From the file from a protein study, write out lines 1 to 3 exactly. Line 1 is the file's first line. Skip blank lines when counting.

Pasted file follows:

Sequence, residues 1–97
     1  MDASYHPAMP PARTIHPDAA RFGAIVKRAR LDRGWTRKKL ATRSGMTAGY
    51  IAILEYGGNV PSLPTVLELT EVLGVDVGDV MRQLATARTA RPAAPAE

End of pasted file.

Sequence, residues 1–97
     1  MDASYHPAMP PARTIHPDAA RFGAIVKRAR LDRGWTRKKL ATRSGMTAGY
    51  IAILEYGGNV PSLPTVLELT EVLGVDVGDV MRQLATARTA RPAAPAE